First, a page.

© 2017 Thermidor Magazine.

Designed by Jonathan.

Walter Devereux

Alt-right sympathizer & recovering academic, moonlighting as a NRx theorist

Lament for the Passing of the Folktale

The power of the written word has always been frail. Socrates sneered at the thought of writing anything, asserting the power of tradition; de Maistre dismissed the written constitution as a sign of the fragility of principles contained therein; in a more banal and recent example, people criticize politicians who use teleprompters. There is something about the written form that strikes the Salt of the Earth as lacking in the desired savour. At its very best, the written form is adjudged to posse

The Social Feminine at the Civilizational Turn

It’s almost cliché to open with a citation from Plato’s Republic; your humble author is not humble enough to avoid the assumption that all of our readership has taken a freshman philosophy class. Then again, as our society becomes more engrossed in the grotesque effort to extend adolescence deep into the decrepitude of the nursing home, revisiting a freshman philosophy class might have value. In Book VIII of The Republic, Socrates is conversing with Glaucon on the natural regression of governmen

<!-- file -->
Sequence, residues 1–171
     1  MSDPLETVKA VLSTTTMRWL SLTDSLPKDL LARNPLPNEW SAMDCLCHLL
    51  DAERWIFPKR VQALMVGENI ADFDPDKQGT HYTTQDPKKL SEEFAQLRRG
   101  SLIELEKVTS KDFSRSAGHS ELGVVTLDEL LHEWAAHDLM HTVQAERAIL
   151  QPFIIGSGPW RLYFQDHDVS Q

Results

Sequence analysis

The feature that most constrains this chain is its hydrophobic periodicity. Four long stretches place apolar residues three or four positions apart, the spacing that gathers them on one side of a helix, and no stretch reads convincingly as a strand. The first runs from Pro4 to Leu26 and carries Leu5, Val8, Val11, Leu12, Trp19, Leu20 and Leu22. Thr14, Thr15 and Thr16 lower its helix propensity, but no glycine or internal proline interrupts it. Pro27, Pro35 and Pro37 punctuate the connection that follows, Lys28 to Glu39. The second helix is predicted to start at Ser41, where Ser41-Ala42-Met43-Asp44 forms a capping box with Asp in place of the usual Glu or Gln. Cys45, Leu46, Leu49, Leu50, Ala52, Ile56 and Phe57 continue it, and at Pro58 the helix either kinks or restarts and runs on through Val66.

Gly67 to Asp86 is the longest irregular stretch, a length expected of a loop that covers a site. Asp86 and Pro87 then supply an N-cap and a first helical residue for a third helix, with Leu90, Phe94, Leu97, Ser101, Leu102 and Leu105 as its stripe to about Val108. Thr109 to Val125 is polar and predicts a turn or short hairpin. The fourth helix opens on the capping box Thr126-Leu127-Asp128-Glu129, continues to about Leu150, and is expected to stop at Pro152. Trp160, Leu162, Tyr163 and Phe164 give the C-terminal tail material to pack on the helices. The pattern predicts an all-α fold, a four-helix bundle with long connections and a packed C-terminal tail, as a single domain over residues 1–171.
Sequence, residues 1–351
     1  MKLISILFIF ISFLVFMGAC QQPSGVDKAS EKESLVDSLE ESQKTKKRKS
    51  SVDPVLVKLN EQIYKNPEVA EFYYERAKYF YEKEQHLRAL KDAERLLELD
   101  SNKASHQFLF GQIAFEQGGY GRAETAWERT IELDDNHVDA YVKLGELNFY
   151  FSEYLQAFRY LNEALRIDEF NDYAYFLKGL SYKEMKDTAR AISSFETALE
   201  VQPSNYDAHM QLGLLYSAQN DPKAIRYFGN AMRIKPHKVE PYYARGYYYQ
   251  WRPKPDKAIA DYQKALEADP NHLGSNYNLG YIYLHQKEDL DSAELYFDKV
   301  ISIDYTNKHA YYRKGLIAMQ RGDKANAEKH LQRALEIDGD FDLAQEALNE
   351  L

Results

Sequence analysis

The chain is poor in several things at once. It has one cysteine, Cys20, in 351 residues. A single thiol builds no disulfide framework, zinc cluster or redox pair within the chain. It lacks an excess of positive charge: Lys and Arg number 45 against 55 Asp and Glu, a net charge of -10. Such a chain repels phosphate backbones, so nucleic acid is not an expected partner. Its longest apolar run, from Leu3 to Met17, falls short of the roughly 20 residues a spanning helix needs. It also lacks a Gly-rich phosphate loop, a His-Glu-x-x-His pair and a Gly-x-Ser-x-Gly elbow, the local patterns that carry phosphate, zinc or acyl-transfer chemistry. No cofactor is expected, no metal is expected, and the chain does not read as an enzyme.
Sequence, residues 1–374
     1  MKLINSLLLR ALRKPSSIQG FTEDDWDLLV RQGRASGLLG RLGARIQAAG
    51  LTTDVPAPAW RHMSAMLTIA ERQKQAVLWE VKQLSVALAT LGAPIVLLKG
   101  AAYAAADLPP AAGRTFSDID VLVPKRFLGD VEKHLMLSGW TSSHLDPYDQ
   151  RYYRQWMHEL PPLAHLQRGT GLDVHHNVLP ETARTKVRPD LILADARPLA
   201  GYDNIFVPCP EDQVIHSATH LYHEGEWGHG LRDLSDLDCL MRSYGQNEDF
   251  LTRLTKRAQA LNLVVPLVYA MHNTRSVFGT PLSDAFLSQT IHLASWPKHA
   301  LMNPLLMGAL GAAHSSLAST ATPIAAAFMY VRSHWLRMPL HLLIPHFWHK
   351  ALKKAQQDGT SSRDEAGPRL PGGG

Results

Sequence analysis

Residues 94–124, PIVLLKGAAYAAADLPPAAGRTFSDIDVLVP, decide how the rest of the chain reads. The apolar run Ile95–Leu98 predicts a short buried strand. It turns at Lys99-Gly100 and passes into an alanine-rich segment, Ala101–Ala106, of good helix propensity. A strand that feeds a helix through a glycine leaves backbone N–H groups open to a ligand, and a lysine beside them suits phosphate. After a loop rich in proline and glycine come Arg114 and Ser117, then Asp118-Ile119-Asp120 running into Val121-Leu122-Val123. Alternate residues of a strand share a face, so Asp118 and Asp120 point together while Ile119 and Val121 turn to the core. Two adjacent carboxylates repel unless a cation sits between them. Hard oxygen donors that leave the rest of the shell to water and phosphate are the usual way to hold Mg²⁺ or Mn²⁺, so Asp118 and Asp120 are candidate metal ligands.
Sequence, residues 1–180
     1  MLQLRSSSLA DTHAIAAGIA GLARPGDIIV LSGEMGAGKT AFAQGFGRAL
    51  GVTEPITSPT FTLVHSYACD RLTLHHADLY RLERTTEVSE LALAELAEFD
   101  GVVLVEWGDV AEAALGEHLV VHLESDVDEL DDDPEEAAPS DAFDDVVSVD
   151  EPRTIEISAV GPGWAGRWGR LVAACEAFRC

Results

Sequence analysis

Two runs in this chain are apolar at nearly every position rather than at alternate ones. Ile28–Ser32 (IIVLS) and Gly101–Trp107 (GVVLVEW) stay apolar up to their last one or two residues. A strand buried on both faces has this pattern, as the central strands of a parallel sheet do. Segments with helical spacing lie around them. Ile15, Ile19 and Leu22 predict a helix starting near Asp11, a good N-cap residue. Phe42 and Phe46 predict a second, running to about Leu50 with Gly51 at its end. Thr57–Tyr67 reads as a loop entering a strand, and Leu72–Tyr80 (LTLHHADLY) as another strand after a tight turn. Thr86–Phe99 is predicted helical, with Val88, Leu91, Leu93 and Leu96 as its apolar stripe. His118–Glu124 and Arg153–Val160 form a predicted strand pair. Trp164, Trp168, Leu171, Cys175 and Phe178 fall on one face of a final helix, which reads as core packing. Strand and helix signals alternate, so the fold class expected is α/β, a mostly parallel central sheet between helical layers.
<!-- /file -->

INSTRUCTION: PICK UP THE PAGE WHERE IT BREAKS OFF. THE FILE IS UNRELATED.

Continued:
Political Motivation in Three Forms or Why Patriotism is Not Enough

It is taken for granted in modern socio-political discourse that man is motivated by two primary drives. In the early modernist formulation, this follows Machiavelli’s definition of fear and love being the primary emotions on which the authority of the Prince hangs. Hobbes echoes this belief in his discussion of the uses of religion in political life. This formula still survives, but began to wane in the 19th century when two psychological alternatives presented themselves. On the one hand, Freu

Capturing an Aesthetic of Action

There was a critique here not long ago addressing the dearth of genuine artistic involvement across the spectrum of the new reactionary political movements. The complaint the author voiced, which the author carried with some aplomb, was that the political phenomenon of neoreaction has become all too mundane: “the right wing tends toward overly rigid, Apollonian thinking, where overt politics and economics are the only things that matter.” Where art is valued, he asserts, conversation “quickly de